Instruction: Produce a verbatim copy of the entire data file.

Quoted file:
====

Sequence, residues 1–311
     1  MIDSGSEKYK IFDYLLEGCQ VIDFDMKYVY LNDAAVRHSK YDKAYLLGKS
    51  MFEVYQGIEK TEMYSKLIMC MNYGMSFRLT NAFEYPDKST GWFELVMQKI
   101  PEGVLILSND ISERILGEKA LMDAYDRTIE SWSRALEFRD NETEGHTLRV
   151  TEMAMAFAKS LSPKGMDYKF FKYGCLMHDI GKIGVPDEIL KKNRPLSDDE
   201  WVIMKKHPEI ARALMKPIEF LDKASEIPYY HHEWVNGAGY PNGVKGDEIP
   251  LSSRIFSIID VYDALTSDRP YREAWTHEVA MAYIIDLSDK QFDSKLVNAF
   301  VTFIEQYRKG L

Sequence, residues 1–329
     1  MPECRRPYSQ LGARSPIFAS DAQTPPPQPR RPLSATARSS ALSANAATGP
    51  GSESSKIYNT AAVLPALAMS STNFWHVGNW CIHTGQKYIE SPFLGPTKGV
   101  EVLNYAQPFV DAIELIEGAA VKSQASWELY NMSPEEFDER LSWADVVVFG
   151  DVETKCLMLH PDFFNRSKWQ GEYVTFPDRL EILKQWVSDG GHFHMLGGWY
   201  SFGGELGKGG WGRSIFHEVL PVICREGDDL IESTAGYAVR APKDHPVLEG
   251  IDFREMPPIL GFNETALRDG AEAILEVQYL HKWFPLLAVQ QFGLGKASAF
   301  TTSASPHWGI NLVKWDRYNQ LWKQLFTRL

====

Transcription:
Sequence, residues 1–311
     1  MIDSGSEKYK IFDYLLEGCQ VIDFDMKYVY LNDAAVRHSK YDKAYLLGKS
    51  MFEVYQGIEK TEMYSKLIMC MNYGMSFRLT NAFEYPDKST GWFELVMQKI
   101  PEGVLILSND ISERILGEKA LMDAYDRTIE SWSRALEFRD NETEGHTLRV
   151  TEMAMAFAKS LSPKGMDYKF FKYGCLMHDI GKIGVPDEIL KKNRPLSDDE
   201  WVIMKKHPEI ARALMKPIEF LDKASEIPYY HHEWVNGAGY PNGVKGDEIP
   251  LSSRIFSIID VYDALTSDRP YREAWTHEVA MAYIIDLSDK QFDSKLVNAF
   301  VTFIEQYRKG L

Sequence, residues 1–329
     1  MPECRRPYSQ LGARSPIFAS DAQTPPPQPR RPLSATARSS ALSANAATGP
    51  GSESSKIYNT AAVLPALAMS STNFWHVGNW CIHTGQKYIE SPFLGPTKGV
   101  EVLNYAQPFV DAIELIEGAA VKSQASWELY NMSPEEFDER LSWADVVVFG
   151  DVETKCLMLH PDFFNRSKWQ GEYVTFPDRL EILKQWVSDG GHFHMLGGWY
   201  SFGGELGKGG WGRSIFHEVL PVICREGDDL IESTAGYAVR APKDHPVLEG
   251  IDFREMPPIL GFNETALRDG AEAILEVQYL HKWFPLLAVQ QFGLGKASAF
   301  TTSASPHWGI NLVKWDRYNQ LWKQLFTRL